How to get my father to go the GP

Discussion in 'ARCHIVE FORUM: Support discussions' started by ww100, May 1, 2006.

  1. ww100

    ww100 Registered User

    May 1, 2006
    I have been looking through this forum and was wondering if anybody could please give me some advice.

    I have suspected that my father, who turned 71 last week, has had memory problems now for the last 4 years. I live in Australia whereas my parents live in Lancashire. My mother & sister (who lives 5 minutes drive away) have only just agreed with me that there is an issue - particularly as they see him daily where I see him once every year (either in the UK or in Sydney) and see big changes.

    I believe that he is showing all the signs of about level 3/4 including :
    * Disorientation
    * withdrawn
    * Memory problems with words & names
    * Issues with counting & writing
    * Mood swings
    * Verbal violence & unconfirmed physical violence
    The list goes on.

    He suffered a major blow to the head about 3.5 years ago and had heart surgery about 2.5 years ago. I had put the memory issues down to the heart problems but am now convinced that these 2 things were only a catalyst to the root problem.

    My Mother has always relied on him to organise things and outwardly is a confident person but really is not and would not be able to cope with the situation if the disease progresses. My sister is very good at supporting them but lacks tact and diplomacy when addressing the issues and also has a busy job as well as 2 young children.

    My Father is generally quite good but I have seen a big deterioration in him - he is at the moment with me in Sydney.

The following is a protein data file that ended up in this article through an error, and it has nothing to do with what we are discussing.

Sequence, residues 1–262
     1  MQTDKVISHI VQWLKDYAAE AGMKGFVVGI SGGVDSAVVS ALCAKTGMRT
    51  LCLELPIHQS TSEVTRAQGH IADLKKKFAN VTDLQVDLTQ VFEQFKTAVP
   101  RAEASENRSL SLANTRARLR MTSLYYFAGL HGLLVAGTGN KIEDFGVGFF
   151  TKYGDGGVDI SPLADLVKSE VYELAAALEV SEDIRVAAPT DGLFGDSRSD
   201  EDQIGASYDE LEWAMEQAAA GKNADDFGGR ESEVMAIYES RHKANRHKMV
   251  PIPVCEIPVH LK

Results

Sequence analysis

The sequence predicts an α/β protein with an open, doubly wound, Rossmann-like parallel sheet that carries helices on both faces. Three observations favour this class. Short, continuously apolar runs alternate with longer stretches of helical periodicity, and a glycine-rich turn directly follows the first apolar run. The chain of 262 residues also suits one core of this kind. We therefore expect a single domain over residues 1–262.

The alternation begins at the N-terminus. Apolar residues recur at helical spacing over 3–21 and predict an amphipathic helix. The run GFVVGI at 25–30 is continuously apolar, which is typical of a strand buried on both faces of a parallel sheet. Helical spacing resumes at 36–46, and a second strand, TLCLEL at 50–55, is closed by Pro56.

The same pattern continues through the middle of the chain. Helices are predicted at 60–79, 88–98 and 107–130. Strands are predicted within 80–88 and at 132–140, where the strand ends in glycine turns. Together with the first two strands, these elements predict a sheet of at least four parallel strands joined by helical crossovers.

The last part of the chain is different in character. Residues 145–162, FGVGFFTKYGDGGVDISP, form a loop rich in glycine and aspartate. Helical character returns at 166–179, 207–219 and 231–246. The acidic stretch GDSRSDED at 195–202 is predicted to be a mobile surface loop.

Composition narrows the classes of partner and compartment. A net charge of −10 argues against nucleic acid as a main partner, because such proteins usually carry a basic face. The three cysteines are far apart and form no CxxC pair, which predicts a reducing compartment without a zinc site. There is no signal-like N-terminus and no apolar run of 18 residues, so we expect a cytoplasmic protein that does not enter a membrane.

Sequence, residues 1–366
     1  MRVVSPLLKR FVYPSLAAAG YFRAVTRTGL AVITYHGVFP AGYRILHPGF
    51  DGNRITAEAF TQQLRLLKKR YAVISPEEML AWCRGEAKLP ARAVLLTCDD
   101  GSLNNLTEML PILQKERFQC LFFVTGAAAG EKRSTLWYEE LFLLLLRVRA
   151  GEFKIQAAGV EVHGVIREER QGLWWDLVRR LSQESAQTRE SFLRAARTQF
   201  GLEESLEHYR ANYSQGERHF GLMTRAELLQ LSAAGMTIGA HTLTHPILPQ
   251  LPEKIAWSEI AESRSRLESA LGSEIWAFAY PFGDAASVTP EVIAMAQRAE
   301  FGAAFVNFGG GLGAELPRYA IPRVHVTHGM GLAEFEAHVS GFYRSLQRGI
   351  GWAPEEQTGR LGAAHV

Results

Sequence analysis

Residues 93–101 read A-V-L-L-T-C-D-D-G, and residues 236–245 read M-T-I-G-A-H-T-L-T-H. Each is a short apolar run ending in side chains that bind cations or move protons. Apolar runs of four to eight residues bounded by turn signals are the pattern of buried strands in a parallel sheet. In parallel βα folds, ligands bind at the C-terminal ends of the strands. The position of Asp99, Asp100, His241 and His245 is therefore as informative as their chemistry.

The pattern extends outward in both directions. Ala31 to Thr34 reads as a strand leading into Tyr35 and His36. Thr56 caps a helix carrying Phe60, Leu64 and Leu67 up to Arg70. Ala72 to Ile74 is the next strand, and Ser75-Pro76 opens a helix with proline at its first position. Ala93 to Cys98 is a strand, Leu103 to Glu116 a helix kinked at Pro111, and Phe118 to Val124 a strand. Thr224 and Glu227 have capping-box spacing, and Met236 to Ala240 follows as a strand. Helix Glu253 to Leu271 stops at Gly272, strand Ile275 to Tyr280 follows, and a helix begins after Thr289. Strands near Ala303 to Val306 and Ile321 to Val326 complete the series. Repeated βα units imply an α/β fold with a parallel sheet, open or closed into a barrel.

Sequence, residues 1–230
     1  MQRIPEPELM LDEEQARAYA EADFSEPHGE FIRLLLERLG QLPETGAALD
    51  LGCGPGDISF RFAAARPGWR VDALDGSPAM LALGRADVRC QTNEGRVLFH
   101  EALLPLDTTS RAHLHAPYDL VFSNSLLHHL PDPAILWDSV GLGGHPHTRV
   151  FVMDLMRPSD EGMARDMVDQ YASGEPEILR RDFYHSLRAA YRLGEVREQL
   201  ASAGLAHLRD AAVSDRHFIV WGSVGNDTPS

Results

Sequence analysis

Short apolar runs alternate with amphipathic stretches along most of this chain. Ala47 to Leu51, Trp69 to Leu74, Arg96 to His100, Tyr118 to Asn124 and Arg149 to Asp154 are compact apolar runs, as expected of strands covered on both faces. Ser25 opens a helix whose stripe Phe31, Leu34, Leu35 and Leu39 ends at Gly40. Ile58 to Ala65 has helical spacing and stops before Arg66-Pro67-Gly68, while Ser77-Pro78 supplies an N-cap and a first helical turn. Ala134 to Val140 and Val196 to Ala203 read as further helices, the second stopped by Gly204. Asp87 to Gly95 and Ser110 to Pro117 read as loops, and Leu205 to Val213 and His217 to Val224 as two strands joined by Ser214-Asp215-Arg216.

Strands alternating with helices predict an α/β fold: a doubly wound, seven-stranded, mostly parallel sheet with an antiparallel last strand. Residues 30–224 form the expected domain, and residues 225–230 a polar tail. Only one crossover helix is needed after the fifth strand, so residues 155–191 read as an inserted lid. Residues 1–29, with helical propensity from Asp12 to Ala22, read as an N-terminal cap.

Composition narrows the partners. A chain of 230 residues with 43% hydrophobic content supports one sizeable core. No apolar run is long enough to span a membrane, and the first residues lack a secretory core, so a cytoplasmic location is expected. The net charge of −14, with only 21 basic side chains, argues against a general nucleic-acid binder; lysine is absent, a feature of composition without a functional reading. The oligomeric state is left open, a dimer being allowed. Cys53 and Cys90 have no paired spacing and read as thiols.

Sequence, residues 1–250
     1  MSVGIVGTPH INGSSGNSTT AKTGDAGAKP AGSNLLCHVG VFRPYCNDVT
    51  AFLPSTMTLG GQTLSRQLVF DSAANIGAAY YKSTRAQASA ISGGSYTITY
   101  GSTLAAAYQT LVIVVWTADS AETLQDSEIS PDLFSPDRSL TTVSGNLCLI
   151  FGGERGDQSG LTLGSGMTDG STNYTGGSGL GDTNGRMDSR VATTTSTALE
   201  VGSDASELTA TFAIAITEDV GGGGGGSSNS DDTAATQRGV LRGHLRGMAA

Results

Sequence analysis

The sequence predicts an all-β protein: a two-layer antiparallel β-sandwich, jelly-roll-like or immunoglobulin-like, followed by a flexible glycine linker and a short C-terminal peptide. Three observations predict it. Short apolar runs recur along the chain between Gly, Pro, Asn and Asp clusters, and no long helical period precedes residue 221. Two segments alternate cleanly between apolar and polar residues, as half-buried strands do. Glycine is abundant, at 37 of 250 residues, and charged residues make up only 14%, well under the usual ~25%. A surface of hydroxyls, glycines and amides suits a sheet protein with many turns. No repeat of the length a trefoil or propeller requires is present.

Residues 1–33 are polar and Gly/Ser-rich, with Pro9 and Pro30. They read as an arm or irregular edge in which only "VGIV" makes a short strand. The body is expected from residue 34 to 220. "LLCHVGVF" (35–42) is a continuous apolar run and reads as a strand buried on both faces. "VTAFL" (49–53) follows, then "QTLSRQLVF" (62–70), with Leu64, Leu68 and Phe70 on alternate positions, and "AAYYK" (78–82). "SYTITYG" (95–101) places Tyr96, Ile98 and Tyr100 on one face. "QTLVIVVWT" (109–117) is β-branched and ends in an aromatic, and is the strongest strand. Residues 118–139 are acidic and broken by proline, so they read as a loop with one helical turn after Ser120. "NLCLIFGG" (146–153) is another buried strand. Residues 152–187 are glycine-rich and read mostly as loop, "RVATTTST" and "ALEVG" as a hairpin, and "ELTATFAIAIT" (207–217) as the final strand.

My problem is this - how do I get him to see the GP. He is a very proud and stubborn man and will not let anybody tell him what to do. About a year ago I contacted his GP and asked if he could give him a check over - he did this and changed his blood pressure tablets. My Mother told me things had got a lot better, but seeing him over the last 5 weeks this not the case.

    He leaves for the UK in a week’s time - I am debating being direct with him and spelling out what the issues are in order to get him to go to the GP on his own. I have been direct with my mother, but she is not strong enough to take control of the situation. I believe that if he were to listen to anybody in the family it would be me but am unsure that if I take the firm approach I would do more harm than good.

    Please could anybody let me know what they think of the direct approach or how they have managed to get their patient to recognise the issue and then get diagnosed.

    Thank you.
  2. Michael E

    Michael E Registered User

    Apr 14, 2005
    Ronda Spain
    Hi ww100

    welcome to the forum.... There is no 'for sure' answer. Sometimes sufferers do not want to know that they have AD or anything wrong with their heads... My wife has refused to accept there is any problem at all and nowadays frequently has no idea who I am..... If your dad is in this category then if you are seeking a diagnosis then the only way forward is to tell him a 'porky' and say the visit to the Doctor is about something else.... There is then the problem that 'failing' at the simple memory test the doctor will do is also demeaning for the patient - sometimes... The neurologist has now stopped putting my wife through them.